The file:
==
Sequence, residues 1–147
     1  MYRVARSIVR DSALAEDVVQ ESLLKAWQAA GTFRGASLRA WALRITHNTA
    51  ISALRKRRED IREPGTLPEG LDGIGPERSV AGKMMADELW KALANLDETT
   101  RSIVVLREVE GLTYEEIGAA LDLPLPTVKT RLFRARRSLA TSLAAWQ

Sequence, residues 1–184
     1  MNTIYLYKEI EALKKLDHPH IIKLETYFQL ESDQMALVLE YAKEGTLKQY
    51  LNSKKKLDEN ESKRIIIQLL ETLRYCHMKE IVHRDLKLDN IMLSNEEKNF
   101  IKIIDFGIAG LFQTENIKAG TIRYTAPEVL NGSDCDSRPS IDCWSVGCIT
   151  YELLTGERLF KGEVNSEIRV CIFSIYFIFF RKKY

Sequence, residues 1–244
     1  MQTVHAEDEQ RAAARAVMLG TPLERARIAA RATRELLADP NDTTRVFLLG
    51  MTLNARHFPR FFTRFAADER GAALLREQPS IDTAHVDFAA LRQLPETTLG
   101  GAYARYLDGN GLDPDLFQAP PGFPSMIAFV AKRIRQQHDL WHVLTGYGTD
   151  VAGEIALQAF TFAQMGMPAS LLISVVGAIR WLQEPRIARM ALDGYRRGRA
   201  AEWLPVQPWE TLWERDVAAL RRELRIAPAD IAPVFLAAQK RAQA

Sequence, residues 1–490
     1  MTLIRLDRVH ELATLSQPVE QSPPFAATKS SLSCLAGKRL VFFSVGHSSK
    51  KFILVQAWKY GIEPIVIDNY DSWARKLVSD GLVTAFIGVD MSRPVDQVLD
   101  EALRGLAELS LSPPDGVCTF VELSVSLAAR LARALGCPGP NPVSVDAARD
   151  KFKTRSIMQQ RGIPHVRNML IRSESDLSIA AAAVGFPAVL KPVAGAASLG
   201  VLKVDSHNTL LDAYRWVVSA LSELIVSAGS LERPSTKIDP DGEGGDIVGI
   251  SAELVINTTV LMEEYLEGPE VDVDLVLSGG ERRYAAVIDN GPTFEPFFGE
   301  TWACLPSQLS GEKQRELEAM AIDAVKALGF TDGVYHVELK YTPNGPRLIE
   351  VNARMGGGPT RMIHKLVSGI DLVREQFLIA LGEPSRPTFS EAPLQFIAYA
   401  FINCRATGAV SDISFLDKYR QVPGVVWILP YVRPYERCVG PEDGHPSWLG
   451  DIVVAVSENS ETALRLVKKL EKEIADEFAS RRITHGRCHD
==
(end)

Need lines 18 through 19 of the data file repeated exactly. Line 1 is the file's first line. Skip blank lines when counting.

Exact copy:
    51  KFILVQAWKY GIEPIVIDNY DSWARKLVSD GLVTAFIGVD MSRPVDQVLD
   101  EALRGLAELS LSPPDGVCTF VELSVSLAAR LARALGCPGP NPVSVDAARD